Answer: Good question. The point is frequently misunderstood, because there were two sets of proposed regulations dealing with 414(m). The second set was withdrawn, but the first set wasn't.
The first set of proposed regulations was issued February 28, 1983. It's appropriate that we talk about them because they just celebrated their 18th birthday and are now old enough to vote, even though they are still only proposed.
Those regulations set forth the ground rules for dealing with traditional (A-Org and B-Org type) affiliated service groups. They give us the professional corporation exemption (it probably should be called the nonprofessional corporation exemption, because it says corporations that are not professional service corporations cannot be FSO's in applying the A-Org test). They also define when a substantial part of a B-Org's business is providing employee services to an FSO or its A-Orgs.
Although parts of those proposed regulations are now obsolete because of a subsequent change in the Code, they have languished, unchanged, for 18 years. They have not been withdrawn nor is there any likelihood of that happening. In addition, the preamble (pre-ramble? ) to the proposed regulations says: "Pending the adoption of final regulations, taxpayers may rely on the rules contained in this notice of proposed rulemaking and the Internal Revenue Service will issue determination, opinion, and ruling letters based on these rules. If any provisions of the final regulations are less favorable to taxpayers than these proposed rules, those provisions only will be effective for periods after adoption of the final regulations." Those, although the proposed regulations are not final, we can use them.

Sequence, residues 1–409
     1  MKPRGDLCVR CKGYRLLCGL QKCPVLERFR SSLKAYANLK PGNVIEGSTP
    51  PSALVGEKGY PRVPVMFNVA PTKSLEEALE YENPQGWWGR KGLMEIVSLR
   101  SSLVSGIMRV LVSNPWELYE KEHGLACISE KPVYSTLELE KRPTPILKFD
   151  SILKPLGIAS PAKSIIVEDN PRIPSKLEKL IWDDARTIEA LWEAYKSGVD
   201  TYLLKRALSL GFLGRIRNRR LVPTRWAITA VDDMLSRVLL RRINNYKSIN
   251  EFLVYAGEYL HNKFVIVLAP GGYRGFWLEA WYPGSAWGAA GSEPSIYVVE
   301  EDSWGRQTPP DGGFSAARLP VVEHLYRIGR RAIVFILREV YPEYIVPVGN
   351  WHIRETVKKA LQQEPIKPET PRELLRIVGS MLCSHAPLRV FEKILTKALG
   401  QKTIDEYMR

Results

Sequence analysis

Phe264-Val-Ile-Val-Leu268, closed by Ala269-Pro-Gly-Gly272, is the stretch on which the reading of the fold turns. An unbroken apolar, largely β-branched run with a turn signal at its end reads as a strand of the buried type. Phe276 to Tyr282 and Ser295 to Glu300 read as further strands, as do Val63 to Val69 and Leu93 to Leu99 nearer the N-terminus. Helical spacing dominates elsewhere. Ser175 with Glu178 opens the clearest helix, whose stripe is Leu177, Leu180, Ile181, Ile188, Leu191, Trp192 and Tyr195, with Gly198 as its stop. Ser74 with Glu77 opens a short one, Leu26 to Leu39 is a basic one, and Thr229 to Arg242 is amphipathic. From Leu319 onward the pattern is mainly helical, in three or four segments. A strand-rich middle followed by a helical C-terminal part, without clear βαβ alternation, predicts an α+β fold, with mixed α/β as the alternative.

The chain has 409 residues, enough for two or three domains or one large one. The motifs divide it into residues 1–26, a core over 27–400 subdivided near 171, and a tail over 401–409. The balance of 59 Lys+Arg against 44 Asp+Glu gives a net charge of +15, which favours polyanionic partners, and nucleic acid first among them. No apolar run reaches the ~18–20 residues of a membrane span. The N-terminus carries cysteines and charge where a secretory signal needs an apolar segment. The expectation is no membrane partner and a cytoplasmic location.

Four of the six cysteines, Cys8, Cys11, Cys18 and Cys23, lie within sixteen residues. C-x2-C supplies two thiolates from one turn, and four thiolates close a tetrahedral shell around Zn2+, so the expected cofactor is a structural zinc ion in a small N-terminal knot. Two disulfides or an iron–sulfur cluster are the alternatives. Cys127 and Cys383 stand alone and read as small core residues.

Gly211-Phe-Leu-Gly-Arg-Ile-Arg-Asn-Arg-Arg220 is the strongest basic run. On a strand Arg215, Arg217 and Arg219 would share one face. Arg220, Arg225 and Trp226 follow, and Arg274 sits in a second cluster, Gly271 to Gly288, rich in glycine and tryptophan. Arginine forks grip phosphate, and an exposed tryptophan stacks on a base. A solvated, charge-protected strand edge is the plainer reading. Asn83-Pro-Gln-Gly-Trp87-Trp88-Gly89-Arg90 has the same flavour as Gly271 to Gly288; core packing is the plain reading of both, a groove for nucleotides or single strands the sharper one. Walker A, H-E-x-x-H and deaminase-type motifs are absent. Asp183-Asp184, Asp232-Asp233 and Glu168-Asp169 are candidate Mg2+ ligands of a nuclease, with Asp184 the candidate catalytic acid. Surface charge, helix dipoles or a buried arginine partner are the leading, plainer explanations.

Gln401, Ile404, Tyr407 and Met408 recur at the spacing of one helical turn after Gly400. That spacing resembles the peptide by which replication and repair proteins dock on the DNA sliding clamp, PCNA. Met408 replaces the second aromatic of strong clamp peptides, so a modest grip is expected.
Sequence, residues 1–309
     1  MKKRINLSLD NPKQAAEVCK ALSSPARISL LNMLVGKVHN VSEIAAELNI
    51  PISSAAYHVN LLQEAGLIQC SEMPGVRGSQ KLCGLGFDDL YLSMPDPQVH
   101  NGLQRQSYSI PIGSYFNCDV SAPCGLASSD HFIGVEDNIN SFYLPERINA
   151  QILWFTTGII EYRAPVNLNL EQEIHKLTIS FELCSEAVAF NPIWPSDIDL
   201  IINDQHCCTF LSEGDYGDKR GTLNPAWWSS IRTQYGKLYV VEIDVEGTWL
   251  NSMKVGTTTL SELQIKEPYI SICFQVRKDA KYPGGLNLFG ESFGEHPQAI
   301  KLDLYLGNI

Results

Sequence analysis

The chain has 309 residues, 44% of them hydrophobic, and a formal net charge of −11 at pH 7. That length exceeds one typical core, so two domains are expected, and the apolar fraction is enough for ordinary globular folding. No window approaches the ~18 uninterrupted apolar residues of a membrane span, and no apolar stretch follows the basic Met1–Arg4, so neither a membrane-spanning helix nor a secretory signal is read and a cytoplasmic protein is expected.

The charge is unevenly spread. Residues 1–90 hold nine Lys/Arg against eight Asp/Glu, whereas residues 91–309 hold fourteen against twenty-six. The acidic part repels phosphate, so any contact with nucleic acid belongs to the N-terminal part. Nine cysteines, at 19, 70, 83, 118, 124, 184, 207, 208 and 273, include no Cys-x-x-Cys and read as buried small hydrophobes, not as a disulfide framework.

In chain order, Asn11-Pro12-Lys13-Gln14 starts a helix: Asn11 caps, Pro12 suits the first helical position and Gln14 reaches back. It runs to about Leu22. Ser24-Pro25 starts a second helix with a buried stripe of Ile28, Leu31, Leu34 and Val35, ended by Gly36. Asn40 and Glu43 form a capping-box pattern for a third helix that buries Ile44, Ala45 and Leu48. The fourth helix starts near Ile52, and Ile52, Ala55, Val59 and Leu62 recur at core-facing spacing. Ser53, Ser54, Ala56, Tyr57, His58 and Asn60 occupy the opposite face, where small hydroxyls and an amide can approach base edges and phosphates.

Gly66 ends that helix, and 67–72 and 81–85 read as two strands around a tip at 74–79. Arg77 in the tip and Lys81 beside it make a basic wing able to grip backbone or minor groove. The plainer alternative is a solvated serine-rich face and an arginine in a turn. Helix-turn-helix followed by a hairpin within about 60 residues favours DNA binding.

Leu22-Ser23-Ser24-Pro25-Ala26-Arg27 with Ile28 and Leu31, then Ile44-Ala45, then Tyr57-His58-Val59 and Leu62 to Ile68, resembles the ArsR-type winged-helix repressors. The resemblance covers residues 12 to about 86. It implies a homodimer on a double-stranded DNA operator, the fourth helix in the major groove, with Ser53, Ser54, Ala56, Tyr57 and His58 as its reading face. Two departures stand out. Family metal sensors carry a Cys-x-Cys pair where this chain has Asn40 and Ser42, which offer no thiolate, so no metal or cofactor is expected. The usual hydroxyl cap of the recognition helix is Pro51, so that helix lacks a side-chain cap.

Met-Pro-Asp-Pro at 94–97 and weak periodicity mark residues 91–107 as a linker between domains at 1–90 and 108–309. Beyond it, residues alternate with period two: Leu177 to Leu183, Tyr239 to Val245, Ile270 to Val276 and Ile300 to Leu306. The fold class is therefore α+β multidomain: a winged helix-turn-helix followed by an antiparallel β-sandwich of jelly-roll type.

On August 26, 1987, the Treasury proposed regulations dealing with 414(m)(5), also known as management function groups. They also dealt with 414(n) (leased employees) and had a variety of proposals under 414(o). One of the first acts of the Clinton Treasury was to withdraw those proposed regulations, except for a portion dealing with leased owners, which is still proposed. Hence at present there are no regulations dealing directly with 414(m)(5). We were never promised reliance on the 1987 proposed regulations, and they have been off the table for nearly 8 years. Given that, it is absolutely amazing to see practitioners and well respected publications referring to them and in some cases trying to follow them!
What is left of the leased owner rules is discussed in Chapter 15 of my book, Who's the Employer?.